The League of Women Voters of South Carolina has released “How to Evaluate and Retain Effective Teachers” (2011-2013), but this report misreads the evidence on teacher evaluation and thus distracts high-poverty states from needed educational reform. 
A review of the report
shows it does not establishing a clear problem with teacher quality in SC and misrepresents the current body of research on teacher evaluation, particularly value added methods (VAM) of evaluation.
As a high-poverty and racially diverse state, SC is similar to many other states facing educational hurdles, but those hurdles have less to do with identifying and ranking teacher quality and more to do with the inequitable distribution of teachers. Children of color, children in poverty, English language learners, and special needs students are taught disproportionately by inexperienced and un-/under-certified teachers. SC and other high-poverty states would do well to address teacher assignment and teaching conditions before experimenting with new teacher evaluation systems.
Ultimately, this report misreads and misrepresents the current understanding of how to evaluate and determine teacher quality—specifically through test-based methods.
Misguided Reform in High-Poverty States
While the report does acknowledge several important concerns with determining teacher quality, the analysis overstates the importance of teacher quality by depending on faulty research (notably work by Hanushek and Chetty, Friendam and Rockoff) and not noting that measurable student outcomes (tests) are overwhelmingly reflections of out-of-school factors, as noted by Di Carlo:
“But in the big picture, roughly 60 percent of achievement outcomes is explained by student and family background characteristics (most are unobserved, but likely pertain to income/poverty). Observable and unobservable schooling factors explain roughly 20 percent, most of this (10-15 percent) being teacher effects. The rest of the variation (about 20 percent) is unexplained (error). In other words, though precise estimates vary, the preponderance of evidence shows that achievement differences between students are overwhelmingly attributable to factors outside of schools and classrooms.”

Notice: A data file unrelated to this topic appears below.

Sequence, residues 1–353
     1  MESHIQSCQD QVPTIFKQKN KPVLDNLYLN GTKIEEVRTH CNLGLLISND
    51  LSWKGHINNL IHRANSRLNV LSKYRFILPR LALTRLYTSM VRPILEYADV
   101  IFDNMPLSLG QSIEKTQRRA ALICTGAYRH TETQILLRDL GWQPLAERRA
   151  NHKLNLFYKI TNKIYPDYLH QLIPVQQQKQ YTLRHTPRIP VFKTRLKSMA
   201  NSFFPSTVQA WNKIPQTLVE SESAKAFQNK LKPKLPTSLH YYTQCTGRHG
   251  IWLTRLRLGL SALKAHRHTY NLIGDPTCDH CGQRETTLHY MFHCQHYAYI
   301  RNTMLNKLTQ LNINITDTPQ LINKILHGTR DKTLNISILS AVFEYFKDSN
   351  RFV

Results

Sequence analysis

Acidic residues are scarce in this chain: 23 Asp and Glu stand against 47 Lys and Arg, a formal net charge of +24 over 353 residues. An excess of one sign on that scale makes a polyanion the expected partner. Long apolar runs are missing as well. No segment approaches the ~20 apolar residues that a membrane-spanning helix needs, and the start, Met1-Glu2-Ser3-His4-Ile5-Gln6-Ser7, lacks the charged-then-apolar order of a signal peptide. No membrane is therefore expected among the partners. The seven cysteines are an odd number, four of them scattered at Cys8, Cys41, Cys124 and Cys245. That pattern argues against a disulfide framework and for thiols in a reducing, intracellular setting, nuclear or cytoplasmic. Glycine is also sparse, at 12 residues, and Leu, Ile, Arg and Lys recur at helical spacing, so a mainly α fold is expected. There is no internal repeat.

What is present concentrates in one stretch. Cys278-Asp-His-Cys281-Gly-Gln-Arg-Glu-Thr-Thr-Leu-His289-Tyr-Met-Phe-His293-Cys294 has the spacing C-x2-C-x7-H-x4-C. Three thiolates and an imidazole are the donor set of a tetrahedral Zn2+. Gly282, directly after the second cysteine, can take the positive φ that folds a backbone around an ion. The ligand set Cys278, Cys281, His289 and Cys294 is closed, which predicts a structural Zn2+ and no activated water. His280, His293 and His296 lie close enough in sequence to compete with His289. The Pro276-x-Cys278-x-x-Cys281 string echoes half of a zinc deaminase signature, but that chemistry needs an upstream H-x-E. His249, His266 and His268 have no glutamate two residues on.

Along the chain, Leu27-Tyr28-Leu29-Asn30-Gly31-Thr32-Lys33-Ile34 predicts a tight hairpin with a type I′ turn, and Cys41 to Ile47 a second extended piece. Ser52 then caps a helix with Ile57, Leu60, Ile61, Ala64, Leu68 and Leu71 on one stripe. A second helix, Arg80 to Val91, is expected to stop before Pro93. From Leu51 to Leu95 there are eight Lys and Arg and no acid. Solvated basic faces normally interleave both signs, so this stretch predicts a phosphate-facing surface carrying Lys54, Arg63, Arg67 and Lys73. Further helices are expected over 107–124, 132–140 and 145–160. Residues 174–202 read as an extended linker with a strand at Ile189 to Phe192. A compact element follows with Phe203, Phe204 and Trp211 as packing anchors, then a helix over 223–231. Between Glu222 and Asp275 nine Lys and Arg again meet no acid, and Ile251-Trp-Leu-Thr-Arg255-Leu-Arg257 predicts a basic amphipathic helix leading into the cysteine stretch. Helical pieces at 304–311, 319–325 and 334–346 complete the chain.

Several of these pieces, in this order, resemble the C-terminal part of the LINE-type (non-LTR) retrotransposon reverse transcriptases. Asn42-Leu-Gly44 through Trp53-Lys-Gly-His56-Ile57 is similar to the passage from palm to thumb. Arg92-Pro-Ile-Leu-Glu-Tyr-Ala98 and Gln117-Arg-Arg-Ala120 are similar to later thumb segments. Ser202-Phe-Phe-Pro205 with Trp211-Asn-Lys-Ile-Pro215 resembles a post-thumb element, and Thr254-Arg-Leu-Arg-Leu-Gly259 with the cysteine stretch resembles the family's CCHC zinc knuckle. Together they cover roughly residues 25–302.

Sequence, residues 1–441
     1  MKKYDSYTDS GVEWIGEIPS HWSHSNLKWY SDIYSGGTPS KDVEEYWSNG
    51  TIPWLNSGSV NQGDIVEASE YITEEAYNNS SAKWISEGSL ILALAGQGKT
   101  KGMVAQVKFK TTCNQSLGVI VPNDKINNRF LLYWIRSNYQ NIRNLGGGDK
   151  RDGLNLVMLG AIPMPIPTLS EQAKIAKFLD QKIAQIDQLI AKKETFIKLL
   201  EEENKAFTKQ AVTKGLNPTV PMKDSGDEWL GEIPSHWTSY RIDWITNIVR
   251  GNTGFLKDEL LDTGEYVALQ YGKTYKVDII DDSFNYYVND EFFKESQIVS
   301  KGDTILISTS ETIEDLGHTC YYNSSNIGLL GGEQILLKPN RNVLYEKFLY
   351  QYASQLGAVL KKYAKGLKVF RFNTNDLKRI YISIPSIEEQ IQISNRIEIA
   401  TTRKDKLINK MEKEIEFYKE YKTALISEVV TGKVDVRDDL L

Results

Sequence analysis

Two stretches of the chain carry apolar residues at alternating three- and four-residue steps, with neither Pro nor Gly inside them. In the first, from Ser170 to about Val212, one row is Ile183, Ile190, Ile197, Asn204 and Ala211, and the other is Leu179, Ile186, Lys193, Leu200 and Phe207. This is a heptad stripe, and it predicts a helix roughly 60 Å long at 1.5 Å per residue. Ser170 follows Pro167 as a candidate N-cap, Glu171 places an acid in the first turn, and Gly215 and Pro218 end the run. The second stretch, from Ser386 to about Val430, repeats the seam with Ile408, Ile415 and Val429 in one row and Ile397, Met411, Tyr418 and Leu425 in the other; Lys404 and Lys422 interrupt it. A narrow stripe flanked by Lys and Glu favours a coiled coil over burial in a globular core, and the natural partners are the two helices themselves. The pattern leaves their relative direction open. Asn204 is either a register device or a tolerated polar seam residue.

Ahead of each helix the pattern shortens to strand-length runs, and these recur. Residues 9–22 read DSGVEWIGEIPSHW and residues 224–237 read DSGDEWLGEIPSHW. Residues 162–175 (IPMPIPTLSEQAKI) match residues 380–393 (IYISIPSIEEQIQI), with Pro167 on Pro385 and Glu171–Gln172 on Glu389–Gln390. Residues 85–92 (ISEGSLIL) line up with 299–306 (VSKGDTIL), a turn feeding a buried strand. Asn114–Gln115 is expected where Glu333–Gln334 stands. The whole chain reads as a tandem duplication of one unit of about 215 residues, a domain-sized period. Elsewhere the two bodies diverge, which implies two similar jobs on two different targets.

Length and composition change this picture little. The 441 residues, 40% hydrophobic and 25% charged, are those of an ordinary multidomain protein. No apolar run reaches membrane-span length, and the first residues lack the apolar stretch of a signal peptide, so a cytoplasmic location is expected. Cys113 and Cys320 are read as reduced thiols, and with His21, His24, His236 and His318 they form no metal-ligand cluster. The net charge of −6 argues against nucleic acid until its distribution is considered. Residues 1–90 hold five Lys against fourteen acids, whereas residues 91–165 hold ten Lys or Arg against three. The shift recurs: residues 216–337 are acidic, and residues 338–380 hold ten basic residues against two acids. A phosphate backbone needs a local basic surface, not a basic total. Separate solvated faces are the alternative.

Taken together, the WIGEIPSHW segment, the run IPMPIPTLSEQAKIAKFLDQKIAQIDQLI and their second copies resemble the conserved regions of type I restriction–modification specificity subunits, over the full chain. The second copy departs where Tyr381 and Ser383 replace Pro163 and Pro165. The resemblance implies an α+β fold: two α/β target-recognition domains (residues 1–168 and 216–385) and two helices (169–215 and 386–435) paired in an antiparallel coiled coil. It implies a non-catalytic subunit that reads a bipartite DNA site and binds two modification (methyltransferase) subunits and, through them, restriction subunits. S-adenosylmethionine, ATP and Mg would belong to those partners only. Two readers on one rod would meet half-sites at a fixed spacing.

Several flawed studies have received a great deal of media support, leading to flawed assumptions about teacher quality also reflected in the report. The three-great-teachers-in-a-row assertion and high quality teachers equaling higher salaries are two such claims that are either drawn from faulty studies or mischaracterizations by the media.
Yes, teacher quality matters, but measuring teacher quality—especially based on student test scores—is complex since controlling for all factors in student test scores is costly in time and funding. Test-based teacher evaluations are also inconsistent from year to year (teachers rated in one category are typically rated a different category in following years with different students).
The current research base on teacher evaluations linked to tests scores shows that creating a new teacher evaluation system incorporating student test data remains a costly experiment with public funds in states where pressing needs outweigh the need to experiment.
If SC and other high-poverty states were in a situation to experiment (and they aren’t), even advocates of value added methods of teacher evaluation suggest including student test scores at no more than 10-15% of the overall evaluation. Many states, however, are adopting systems including test scores at 40-50%, with many teachers being held accountable for students they never teach.
Now, any efforts to consider or field-test new teacher evaluation systems in high-poverty states are inexcusable wastes of time and money. Instead, high-poverty states would be better served by addressing the following:
• Identify how to allocate better state resources to address childhood and family poverty, childhood food security, child and family access to high-quality health care, and stable, well paying work.
• Replace current education policies based on accountability, standards, and testing with policies that address equity and opportunity for all students.
• Address inequitable distribution of teacher quality among students in greatest need.
• Address the conditions of teaching and learning in the state’s schools, including issues of student/teacher ratios, building conditions and material availability, administrative and community support of teachers, equitable school funding and teacher salaries, teacher job security and academic freedom in a right-to-work state, and school safety.
Any policy changes that further entrench the culture of testing in high-poverty states as a mechanism for evaluating students, teachers, and schools perpetuate the burden of inequity in the state and schools.
High-poverty states do not need new standards, new tests, or new teacher evaluation systems. SC, like much of the U.S., needs to come to terms with identifying problems first before seeking solutions. The problems facing schools are ones of equity and opportunity, and no current teacher evaluation plan is facing those realities, including this report.
 This commentary was submitted to several papers in SC, but none ran the piece.